mineral resources is also important to planners.
Areas that have economic value may conflict
with usage categories such as residential, indus-
trial, and agricultural. These data are an integral
part of the process of developing an effective
comprehensive land use plan. Frequently, urban
or other development occurs in areas underlain
by mineral deposits, thereby precluding future
extraction of the minerals, even though some of
these minerals may be needed for development.
In addition, the exploitation of these mineral
resources can represent substantial employment
and income to the private sector, as well as tax
revenue to county and state governments.
































Table 7. Volatile organic compound analyses, Northeast Landfill, Alachua County.
All concentrations in micrograms per liter. (Data from CH2M Hill, 1990).
"1
t"

1,1,1- 1,1-01 1,1-DI 1,2-01 1,2-DI TETRA TETRA 1,2-DI TRICHLORO T-BUTYL DI- TOTAL TOTAL O
TRICHLORO CHLORO CHLORO METHYLENE CHLORO CHLORO CHLORO CHLORO CHLORO VINYL CHLORO CHLORO CHLORO FLUORO METHYL ETHYL CHLORO- CHLORO TOTAL AROMATIC CHLORINATED 0
STATION DATE ETHANE ETHANE ETHEME CHLORIDE ETHENE ETHANE ETHENE ETHANE FORM CHLORIDE METHANE ETHANE PROPANE METHANE ETHER BENZENE BENZENE TOLUENE XYLENE BENZENE BENZENE VO'S COMPOUNDS SOLVENTS
0
ONSITE SHALLOW
MONITORING WELLS

NE-6SN 25-MAY-88 -- 2 36 7 12 3 -13 -- NA 5 5 12 110 7 10 311 158 153 m
NE-6SN 25-MAY-88 72 31 4 10 3 9 NA 14 14 6 110 8 9 289 161 128
NE-ASN 27-JUNE-88 -- 25 12 2 3 2 4 13 5 NA 11 10 5 3 7 5 106 40 65 0
H) NE-6SN 27-JUNE-88 37 24 3 3 A 6 32 10 N 13 11 4 4 8 7 165 46 119
H NE-6SN 07-NOV-88 56 24 NA 7 2 36 7 NA NA 9 9 5 94 6 7 263 131 132 0
NE-6SN 07-NOV-88 54 24 NA 7 1 35 5 NA NA 8 8 5 90 5 7 251 124 127
NE-6SN 23-FEB-89 55 15 NA 2 1 23 NA 4 10 8 3 93 7 9 229 129 96 -
NE-6SN 10-APR-89 4 30 NA 65 3 NA 12 9 3 90 7 9 291 l29 A62 0
NE-6SN 13-JUL-89 62 30 NA 1 -- 45 4 NA 11 8 3 100 8 8 280 138 142 >
NE-6SN 13-JUL-89 -- 57 27 NA 3 -- -- 41 -- -- -- NA -- 11 8 3 99 7 8 265 137 128 r

DRINKING WATER CRITERIA (I) 200 ** 7(2) ** ** 3 3 ** ** ** ** ** ** ** 1 70(** ** 0(4) ** *C

NO APPLICABLE DRINKING WATER STANDARDS
(1) FLORIDA MAXIMUM CONTAMINANT LEVELS UNLESS OTHERWISE NOTED Ni
(2) USEPA PROPOSED MAXIMUM CONTAMINANT LEVELS
(3) NATIONAL PRIMARY DRINKING WATER CRITERIA FOR LINDANE (GAMHA-BHC)
(4) USEPA PROPOSED MAXIMUM CONTAMINANT LEVELS FOR P-DICHLOROBENZENE

-- = NONE DETECTED
NA = NOT ANALYZED











Table 8. Metals analyses, Northeast Landfill, Alachua County.
All concentrations in milligrams per liter. (Data from CH2M Hill, 1990).



TOTAL TOTAL TOTAL TOTAL TOTAL TOTAL TOTAL TOTAL TOTAL TOTAL TOTAL TOTAL TOTAL TOTAL TOTAL TOTAL TOTAL TOTAL TOTAL TOTAL
STATION DATE ARSENIC ANTIMONY BARIUM BERYLLIUM CADMIUM CHROMIUM COPPER IRON LEAD MANGANESE MERCURY NICKEL SILVER SODIUM ZINC ALUMINUM CALCIUM MAGNESIUM POTASSIUM STRONTIUM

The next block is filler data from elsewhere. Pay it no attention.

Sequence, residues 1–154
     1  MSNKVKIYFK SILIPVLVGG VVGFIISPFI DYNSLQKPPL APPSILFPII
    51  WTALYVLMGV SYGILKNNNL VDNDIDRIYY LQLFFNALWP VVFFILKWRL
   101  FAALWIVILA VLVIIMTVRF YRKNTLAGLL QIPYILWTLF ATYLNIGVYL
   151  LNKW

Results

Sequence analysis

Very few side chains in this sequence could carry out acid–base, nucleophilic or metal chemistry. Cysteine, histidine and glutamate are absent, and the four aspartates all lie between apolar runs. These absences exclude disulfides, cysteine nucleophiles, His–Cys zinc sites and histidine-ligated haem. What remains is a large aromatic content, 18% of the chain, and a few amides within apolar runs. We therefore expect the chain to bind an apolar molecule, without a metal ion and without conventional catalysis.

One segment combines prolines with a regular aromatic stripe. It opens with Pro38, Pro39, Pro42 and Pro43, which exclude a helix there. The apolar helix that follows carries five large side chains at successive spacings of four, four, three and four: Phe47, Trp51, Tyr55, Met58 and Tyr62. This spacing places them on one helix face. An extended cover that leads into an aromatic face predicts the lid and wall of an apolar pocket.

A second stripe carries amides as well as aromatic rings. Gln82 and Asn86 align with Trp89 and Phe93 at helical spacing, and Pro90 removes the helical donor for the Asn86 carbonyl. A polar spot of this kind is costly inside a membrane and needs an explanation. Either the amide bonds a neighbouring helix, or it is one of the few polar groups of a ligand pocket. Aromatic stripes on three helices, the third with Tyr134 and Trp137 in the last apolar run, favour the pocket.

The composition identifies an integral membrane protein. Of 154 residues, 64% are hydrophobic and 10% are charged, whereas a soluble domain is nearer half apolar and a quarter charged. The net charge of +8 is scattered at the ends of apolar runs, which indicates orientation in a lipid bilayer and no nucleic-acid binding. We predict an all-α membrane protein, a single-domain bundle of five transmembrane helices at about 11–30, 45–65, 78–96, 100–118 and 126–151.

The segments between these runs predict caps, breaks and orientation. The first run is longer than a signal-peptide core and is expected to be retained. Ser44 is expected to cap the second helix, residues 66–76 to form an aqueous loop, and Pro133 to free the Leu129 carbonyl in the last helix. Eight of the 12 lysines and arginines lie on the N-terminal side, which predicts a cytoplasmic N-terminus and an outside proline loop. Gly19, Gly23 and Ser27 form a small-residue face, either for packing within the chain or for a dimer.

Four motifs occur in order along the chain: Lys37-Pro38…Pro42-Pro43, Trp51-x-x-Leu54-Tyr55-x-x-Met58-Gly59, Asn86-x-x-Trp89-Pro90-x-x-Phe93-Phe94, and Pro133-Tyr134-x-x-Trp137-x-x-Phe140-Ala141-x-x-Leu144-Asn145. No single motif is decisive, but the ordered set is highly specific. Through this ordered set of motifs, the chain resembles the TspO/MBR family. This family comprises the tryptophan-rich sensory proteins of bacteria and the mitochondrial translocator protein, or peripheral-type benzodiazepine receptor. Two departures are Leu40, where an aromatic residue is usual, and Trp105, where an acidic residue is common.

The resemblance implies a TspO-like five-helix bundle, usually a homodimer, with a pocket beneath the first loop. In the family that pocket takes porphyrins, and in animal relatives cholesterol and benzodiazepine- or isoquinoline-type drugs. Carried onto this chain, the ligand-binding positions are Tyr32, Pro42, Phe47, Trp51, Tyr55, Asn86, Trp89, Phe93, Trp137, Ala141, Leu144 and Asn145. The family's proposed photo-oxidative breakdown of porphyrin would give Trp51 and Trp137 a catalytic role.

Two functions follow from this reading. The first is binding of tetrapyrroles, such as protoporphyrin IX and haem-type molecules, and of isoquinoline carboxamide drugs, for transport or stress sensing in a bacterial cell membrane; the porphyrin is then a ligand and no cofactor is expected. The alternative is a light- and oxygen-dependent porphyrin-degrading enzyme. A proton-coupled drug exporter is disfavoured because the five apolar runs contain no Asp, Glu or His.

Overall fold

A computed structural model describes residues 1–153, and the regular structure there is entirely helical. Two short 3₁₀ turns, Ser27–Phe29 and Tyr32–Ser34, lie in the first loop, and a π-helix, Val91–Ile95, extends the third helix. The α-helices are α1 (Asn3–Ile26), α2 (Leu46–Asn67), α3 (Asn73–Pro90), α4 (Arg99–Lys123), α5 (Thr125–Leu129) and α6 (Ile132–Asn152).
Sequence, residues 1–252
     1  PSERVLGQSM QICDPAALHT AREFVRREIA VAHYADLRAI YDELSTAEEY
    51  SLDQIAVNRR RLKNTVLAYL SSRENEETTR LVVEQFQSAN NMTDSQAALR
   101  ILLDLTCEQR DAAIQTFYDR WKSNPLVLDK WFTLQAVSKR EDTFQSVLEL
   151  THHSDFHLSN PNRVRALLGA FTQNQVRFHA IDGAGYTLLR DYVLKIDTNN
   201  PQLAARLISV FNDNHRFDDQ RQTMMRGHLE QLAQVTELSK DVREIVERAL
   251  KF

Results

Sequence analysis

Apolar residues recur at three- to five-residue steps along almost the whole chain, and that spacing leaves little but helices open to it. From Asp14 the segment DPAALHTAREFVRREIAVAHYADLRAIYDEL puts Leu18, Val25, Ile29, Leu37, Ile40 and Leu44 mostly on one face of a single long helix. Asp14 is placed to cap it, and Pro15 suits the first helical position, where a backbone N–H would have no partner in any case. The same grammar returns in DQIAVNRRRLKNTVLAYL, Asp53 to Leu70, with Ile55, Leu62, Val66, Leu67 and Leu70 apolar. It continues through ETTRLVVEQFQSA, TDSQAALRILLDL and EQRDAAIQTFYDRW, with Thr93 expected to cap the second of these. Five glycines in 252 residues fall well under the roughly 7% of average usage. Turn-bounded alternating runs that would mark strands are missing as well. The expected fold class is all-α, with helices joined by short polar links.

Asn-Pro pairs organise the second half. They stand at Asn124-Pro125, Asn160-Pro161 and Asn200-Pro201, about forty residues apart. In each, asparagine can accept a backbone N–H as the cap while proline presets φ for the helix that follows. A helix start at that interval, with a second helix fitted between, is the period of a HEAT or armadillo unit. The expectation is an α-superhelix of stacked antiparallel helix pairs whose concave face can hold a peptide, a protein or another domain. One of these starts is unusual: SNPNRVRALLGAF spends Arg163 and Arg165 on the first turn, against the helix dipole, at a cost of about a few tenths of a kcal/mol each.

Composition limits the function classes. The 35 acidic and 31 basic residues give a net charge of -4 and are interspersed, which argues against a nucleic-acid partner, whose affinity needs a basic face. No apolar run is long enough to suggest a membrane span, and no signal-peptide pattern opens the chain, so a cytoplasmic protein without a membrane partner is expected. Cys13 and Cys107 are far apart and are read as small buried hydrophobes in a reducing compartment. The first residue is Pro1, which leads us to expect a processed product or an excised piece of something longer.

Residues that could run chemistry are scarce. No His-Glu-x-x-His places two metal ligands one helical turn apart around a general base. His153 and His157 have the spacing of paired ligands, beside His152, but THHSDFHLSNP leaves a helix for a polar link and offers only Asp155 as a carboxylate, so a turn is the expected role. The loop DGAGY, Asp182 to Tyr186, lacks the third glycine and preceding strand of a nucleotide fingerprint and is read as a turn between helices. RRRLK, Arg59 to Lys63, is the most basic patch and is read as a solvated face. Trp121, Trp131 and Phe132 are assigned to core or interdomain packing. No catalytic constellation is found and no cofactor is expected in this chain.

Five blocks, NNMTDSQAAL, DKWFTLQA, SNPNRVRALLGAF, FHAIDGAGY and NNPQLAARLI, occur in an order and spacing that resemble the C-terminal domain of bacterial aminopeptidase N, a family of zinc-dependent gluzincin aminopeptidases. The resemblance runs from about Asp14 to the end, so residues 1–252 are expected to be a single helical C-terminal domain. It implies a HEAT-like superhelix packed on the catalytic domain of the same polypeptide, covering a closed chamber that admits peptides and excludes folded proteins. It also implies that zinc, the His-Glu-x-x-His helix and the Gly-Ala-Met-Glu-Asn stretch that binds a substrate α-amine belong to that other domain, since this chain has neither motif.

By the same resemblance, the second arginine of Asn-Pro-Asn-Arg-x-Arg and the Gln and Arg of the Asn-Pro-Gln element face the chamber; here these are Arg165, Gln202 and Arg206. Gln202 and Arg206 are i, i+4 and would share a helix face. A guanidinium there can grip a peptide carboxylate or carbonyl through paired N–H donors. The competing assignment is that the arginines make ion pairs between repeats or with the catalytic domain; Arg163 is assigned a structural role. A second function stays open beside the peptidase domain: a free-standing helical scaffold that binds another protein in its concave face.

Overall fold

ONSITE SHALLOW MONITORING WELLS

NE-IS 13-DEC-85
NE-1S 12-AUG-86
NE-1S 14-NOV-86
NE-1S 11-FEB-87
NE-1S 03-JUN-87
NE-1S 22-SEP-87
NE-1S 10-DEC-87

NE-2SN 18-MAY-88
NE-2SN 27-JUN-88
NE-2SN 07-NOV-88
NE-2SN 06-FEB-89
NE-2SN 11-APR-89
NE-2SN 13-JUL-89

NE-3S 13-DEC-85
NE-3S 13-DEC-85
NE-3S 12-AUG-86
NE-3S 14-NOV-86
NE-3S 14-NOV-86
NE-3S 12-FEB-87
NE-3S 03-JUN-87
NE-3S 03-JUN-87
NE-3S 21-SEP-87
NE-3S 21-SEP-87
NE-3S 10-DEC-87

NE-3SN 18-MAY-88
NE-3SN 27-JUN-88
NE-3SN 07-NOV-88
O" NE-3SN 06-FEB-89
" NE-3SN 06-FEB-89
NE-3SN 10-APR-89
NE-3SN 13-JUL-89

NE-4S 13-DEC-85
NE-4S 11-AUG-86
NE-4S 14-NOV-86
NE-4S 11-FEB-87
NE-4S 03-JUN-87
NE-4S 21-SEP-87

ME-5SN 18-MAY-88
NE-5SN 07-NOV-88
NE-5SN 06-FEB-89
NE-5SN 11-APR-89
NE-5SN 12-JUL-89

ONSITE SHALLOW MONITORING WELLS


0.005 NA
0.003 NA
-- NA
NA
NA
NA

0.005 NA
-- NA
NA
NA
NA
NA



NA
NA
MA
NA
NA
-- NA
NA
NA
NA


NA
-- NA
NA
MNA
NA


NE-6SN 25-MAY-88
NE-6SN 25-MAY-88
NE-6SN 27-JUN-88
NE-6SN 07-NOV-88
ME-6SN 07-NOV-88
NE-6SN 06-FEB-89
NE-6SN 10-APR-89 --
NE-6SN 13-JUL-89
NE-6SN 13-JUL-89 -

DRINKING WATER CRITERIA (1) 0.050


0.20 -- 0.010 -- 21 0.013 0.09 MR -- 55 0.03 12
-- NA 0.010 0.035 -- 11 0.035 0.10 NR NA NA 68 0.08 NA
NA 0.012 -- 4.8 -- 0.10 0.0007 NA NA 68 -- NA
NA -- -- -- 4.3 0.002 0.10 -- NA NA 67 0.03 NA
NA -- -- -- 4.9 -- 0.08 0.0002 NA NA 62 0.01 NA
NA -- -- 5.0 -- 0.11 -- NA NA 75 -- NA
NA -- -- -- 5.7 -- 0.14 -- NA NA 90 -- NA

0.38 NA -- -- 8.2 0.066 0.03 0.0005 NA NA 36 0.03 NA
0.17 NA 0.033 -- 4.9 0.045 -- -- NA NA 30 -- NA
-- NA -- 0.010 -- 1.1 0.020 -- -- NA NA 26 0.01 NA
NA -- 0.015 -- 2.0 0.009 0.01 -- NA NA 28 -- NA
NA -- 0.007 -- 1.1 0.009 -- -- NA NA 28 -- NA
NA -- 0.004 1.5 0.005 0.01 -- NA NA 28 -- NA

2.1 0.012 0.070 0.02 16 0.032 0.10 NR -- -- 3.9 0.44 50
2.2 -- 0.015 0.090 0.02 22 0.037 0.11 -- -- 4.3 0.43 56
0.20 NA 0.010 0.005 -- 0.92 0.005 0.03 NR NA NA 13 0.06 NA
2.4 NA -- -- -- 10 -- 0.06 -- NA NA 16 -- NA
1.9 NA -- -- -- 1.0 -- 0.06 0.0005 NA NA 16 -- NA
S NA -- -- -- 8.5 0.004 0.09 -- NA NA 10 0.04 NA
NA -- -- -- 3.1 -- 0.06 -- NA NA 8.0 0.02 NA
NA -- -- -- 2.4 -- 0.05 -- NA NA 6.3 0.01 NA
A -- -- -- 1.2 -- 0.06 -- NA NA 8.3 -- NA
A -- -- -- 1.2 0.06 -- NA NA 8.3 -- NA
A -- -- -- 5.7 -- 0.07 -- NA NA 12 0.03 NA

NA -- -- -- 2.1 NA NA 9.4 -- NA
0.03 NA -- 0.004 1.6 0.02 -- NA NA 6.9 -- NA